So, you’ve made it through business school, and you’re ready to set out. You’ve got a grand vision for how your company should look, operate, what values it will stand behind, and what kind of team you want to build. But what about the things you didn’t learn in business school? You learned all the technical stuff, but often, certain (important) aspects are left out; and we’ve put together a list of five of them.
These tips are for small businesses who have been operating for some time, or for the brand new business just getting set up the industry.
#1. Don’t Cut Corners
Running a business is all about maximizing profits while minimizing expenses, right? Yes and no. While you certainly need to minimize your expenses as much as possible, there’s a right and a wrong way to go about it. Cutting corners on the quality of your products, services, ingredients, or any other key component of your business is always a bad idea, especially when the customers are already used to a certain level of quality.
It can be tempting to cut corners, especially at first. Expenses will add up quickly, and most businesses don’t even turn a profit until after their first few years. It will be exhausting. You’ll be stuck with expenses you didn’t expect, some you simply can’t reduce, and some that you should have never had to begin with. The key is patience. Learn from your mistakes, don’t bury yourself with them.
#2. Communication Is Key
The foundation of any relationship is trust, and in order to form trust, you need the mortar for your foundation: communication. Communication can literally mean the difference between a healthy customer relationship and an alienated consumer. The same applies to your team. If you’re not an effective communicator, it’s time to remedy the problem before it compounds into greater challenges.
Be open and honest with both customers and your team. That doesn’t mean divulging company secrets, but it does mean holding yourself to the standard of always being as honest as possible. Customers appreciate an honest brand, and employees will take pride in working for a company that doesn’t engage in shady practices or tries to hide what it’s doing.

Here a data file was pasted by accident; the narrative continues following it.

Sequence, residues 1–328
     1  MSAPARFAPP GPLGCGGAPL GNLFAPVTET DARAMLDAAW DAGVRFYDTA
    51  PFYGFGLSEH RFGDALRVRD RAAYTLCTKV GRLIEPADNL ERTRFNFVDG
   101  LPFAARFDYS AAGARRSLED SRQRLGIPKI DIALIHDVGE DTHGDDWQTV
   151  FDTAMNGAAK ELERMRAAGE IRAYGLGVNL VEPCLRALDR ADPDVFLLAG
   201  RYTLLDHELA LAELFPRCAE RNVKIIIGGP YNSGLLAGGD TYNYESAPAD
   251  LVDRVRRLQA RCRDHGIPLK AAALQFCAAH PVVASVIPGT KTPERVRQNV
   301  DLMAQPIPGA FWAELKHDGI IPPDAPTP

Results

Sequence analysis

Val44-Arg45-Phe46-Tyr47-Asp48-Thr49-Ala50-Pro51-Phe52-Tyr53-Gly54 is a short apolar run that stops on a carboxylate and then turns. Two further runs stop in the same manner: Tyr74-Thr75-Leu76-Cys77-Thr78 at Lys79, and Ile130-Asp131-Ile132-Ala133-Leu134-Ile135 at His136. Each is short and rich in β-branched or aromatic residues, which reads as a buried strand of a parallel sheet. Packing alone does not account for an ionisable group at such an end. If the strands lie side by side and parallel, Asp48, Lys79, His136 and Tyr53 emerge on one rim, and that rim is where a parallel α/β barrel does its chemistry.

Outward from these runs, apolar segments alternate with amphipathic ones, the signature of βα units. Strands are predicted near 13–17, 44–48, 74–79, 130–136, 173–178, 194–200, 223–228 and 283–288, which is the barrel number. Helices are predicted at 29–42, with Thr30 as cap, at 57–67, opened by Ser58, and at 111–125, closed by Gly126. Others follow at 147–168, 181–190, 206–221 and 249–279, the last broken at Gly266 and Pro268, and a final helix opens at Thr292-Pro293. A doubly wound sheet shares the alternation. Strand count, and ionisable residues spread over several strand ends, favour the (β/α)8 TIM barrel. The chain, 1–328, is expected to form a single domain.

To communicate properly, you’ll need the right tools. External communication can be achieved via social media, promotions, etc., but internal communication requires specific software and tools like small business solutions for conferencing.
#3. You Don’t Have To Burn Yourself Out
Burnout is a common phenomenon with business owners, especially new and eager entrepreneurs. It’s easy to get swept up in your work, putting in long hours to ensure the company is growing. The problem with this is that eventually, you’ll run out of energy. Once you run out of energy, your motivation can leave you as well, and then you’re just dragging yourself along for the ride.
The bottom line is that you can’t work too much, or there won’t be enough of you left to enjoy your success. Success can feel very hollow if you’ve alienated everyone along the way or sacrificed your mental health for the vision. Make sure you’re still making yourself a priority. After all, you’re the driving force behind your vision. No one else can take the reins like you can, and no one else will ever support your ideas as you do. You need the energy to do both.
Take breaks, holidays, vacations, and don’t be ashamed. That guilt you feel is simply the entrepreneurial spirit calling your name. It can wait! It will still be there once you’ve spent time with your family, at the gym, or doing nothing for a bit.
#4. Believe In What You’re Doing
The heart of a business shouldn’t be devoid of a soul. That is to say, you should believe in what you’re doing, what you’re selling, in your vision for the future. You have to be your first customer. Would you buy your products? If not, look into why. Would you use your own services? If not, what needs to change? How can you possibly convince anyone else if you don’t convince yourself first?
Not to mention, belief can take you a long way. It’s what fuels your vision in times of uncertainty (like right now), and keeps you getting out of bed each day to chase the dream.
#5. Value Your Employees, Too
Your employees will become the heartbeat of your business, and if you treat them poorly, your business will fail. It’s that simple. Employees make up your workforce, but more than that, they make up your support system. These are people that share your vision, that believe in the company and what it stands for; don’t neglect them or mistreat them.
Too many businesses pay poor wages or don’t take into account the needs of their employees, to the detriment of the business. Don’t let that be you. Treat your employees well, because a happy employee is ten times more likely to stay with the company and can be nearly twice as productive as an unhappy employee.